Forest Preserve District of Cook County, Illinois
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Nature Bulletin No. 584-A   December 6, 1975
Forest Preserve District of Cook County
George W. Dunne, President
Roland F. Eisenbeis, Supt. of Conservation

Not all blood is red. We are so accustomed to the idea that blood is red that some of us are surprised to learn that it comes in other colors. It is true that all animals with backbones have red blood -- mammals, birds, turtles, snakes, frogs, salamanders and fish. However, among lower animals we find blood that is colorless, blue or green -- as well as a few with red blood.

If an animal is large enough to be seen with the naked eye, it is almost certain to have some sort of a circulatory system. Usually, this is a plumbing system with pipes, valves and pumps which brings nourishment and oxygen to the living cells of the animal's body and carries away waste products. The fluid flowing in this plumbing system is blood. In man and the higher animals this blood stream is completely enclosed in the heart, arteries, veins and their smaller branches. That is called a closed circulatory system.

Many lower animals, in contrast, have an open circulatory system in which blood fills the body spaces and bathes the living tissues directly. A few lower forms of animal life, although quite large, have no blood at all. The sponge, for example, instead of blood, circulates water through a network of small canals. The living parts of a jellyfish are in a thin outer layer in close contact with the water while its inner jelly is practically lifeless.

An insect has a simple tubular heart which pumps the blood forward into the head. From there it flows around the internal organs, through the legs and other appendages, then back into a central pool, or blood sinus, in which the heart lies. In many naked caterpillars with a transparent streak down the back, this pulsating heart can be seen just beneath the surface, and, under a microscope, the blood corpuscles as they rush into the heart each time the valves along its sides open. In insects which squirm or wriggle, the blood and the internal organs surge back and forth with every movement.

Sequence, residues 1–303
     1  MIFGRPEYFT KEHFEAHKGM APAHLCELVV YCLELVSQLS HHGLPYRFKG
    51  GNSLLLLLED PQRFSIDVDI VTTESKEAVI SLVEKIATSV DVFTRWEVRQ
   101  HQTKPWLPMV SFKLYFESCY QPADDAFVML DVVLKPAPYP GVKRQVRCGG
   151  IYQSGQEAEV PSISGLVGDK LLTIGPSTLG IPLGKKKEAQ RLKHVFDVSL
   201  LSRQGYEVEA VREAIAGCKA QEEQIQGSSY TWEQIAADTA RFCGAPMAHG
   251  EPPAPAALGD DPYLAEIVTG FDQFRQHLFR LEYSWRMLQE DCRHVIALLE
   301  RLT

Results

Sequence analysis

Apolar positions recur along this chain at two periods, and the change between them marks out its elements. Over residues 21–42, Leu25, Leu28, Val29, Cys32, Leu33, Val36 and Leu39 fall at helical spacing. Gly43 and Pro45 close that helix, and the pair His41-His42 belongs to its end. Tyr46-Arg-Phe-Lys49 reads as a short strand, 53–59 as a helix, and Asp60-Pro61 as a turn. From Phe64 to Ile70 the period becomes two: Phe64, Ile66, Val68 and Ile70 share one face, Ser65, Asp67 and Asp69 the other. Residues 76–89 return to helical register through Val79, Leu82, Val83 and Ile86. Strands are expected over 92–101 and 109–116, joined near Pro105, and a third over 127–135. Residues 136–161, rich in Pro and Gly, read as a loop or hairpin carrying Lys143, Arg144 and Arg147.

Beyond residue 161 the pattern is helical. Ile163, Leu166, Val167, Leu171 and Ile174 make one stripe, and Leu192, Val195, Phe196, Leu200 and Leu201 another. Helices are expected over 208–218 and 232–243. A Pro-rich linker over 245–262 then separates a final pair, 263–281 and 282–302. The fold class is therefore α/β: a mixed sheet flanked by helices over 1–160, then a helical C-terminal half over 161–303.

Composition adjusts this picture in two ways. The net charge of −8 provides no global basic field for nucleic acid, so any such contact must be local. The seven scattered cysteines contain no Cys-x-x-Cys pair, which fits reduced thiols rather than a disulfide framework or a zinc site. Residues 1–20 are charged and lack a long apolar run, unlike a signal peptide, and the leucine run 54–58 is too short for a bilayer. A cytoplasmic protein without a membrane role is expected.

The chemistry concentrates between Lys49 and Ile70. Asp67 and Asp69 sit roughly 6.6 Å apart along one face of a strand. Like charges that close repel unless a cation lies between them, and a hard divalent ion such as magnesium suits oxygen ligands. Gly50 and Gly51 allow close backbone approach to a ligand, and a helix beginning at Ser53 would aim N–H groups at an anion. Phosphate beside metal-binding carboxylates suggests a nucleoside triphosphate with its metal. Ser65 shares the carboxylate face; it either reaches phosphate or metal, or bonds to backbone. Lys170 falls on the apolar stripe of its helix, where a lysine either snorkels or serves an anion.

Insects are exceptional. Their blood furnishes little or no oxygen to the living tissues. Instead, they have many-branched ducts opening to the outside, called a tracheal system, which carry air directly to every part of the body.

The blood of all higher animals, from man down to fish, is made up largely of red blood cells whose principal work is to carry oxygen from the lungs or gills throughout the body. These red blood cells contain hemoglobin -- a protein with an atom of iron in each of its large molecules -- which is able to pick up or release large amounts of oxygen readily. Such blood is bright red when it leaves the lungs or gills and is dark purplish red when it returns after giving up its oxygen. Some lower animals such as earthworms, pond snails, land snails, water fleas and midge larvae also have red blood. In these the hemoglobin is not in blood corpuscles but is dissolved in the blood liquids.

Many other lower animals carry oxygen in their blood stream by means of a dissolved substance called hemocyanin which is blue. At least it is blue when it is oxygenated, but colorless after the oxygen is released. Hemocyanin is much like hemoglobin except that the iron atom in the protein molecule is replaced by one of copper. The lobster, crab, crayfish, scorpion, octopus, squid, clam and mussel all have this blue blood. A few marine worms have green blood.

The blood stream of all kinds of animals has a variety of free-floating or creeping cells much like the white blood cells in our own blood. Among other tasks, these devour bacteria, foreign substances and bits of dead tissue.

Blue-blooded aristocrats bleed red.

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